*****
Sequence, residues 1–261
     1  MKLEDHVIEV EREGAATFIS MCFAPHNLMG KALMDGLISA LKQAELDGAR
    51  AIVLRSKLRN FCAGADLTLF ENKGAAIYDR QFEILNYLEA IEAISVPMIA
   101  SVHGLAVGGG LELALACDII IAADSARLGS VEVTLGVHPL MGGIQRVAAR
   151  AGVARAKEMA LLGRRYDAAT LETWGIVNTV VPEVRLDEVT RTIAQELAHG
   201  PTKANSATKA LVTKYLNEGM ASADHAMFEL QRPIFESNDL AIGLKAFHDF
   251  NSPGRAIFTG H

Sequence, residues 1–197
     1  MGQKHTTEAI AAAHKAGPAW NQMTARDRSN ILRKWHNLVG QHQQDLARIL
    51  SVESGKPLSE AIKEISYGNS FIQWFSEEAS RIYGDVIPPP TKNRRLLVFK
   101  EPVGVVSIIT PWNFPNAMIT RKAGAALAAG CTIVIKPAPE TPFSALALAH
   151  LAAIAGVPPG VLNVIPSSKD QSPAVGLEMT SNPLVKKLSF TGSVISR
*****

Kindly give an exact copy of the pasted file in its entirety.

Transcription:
Sequence, residues 1–261
     1  MKLEDHVIEV EREGAATFIS MCFAPHNLMG KALMDGLISA LKQAELDGAR
    51  AIVLRSKLRN FCAGADLTLF ENKGAAIYDR QFEILNYLEA IEAISVPMIA
   101  SVHGLAVGGG LELALACDII IAADSARLGS VEVTLGVHPL MGGIQRVAAR
   151  AGVARAKEMA LLGRRYDAAT LETWGIVNTV VPEVRLDEVT RTIAQELAHG
   201  PTKANSATKA LVTKYLNEGM ASADHAMFEL QRPIFESNDL AIGLKAFHDF
   251  NSPGRAIFTG H

Sequence, residues 1–197
     1  MGQKHTTEAI AAAHKAGPAW NQMTARDRSN ILRKWHNLVG QHQQDLARIL
    51  SVESGKPLSE AIKEISYGNS FIQWFSEEAS RIYGDVIPPP TKNRRLLVFK
   101  EPVGVVSIIT PWNFPNAMIT RKAGAALAAG CTIVIKPAPE TPFSALALAH
   151  LAAIAGVPPG VLNVIPSSKD QSPAVGLEMT SNPLVKKLSF TGSVISR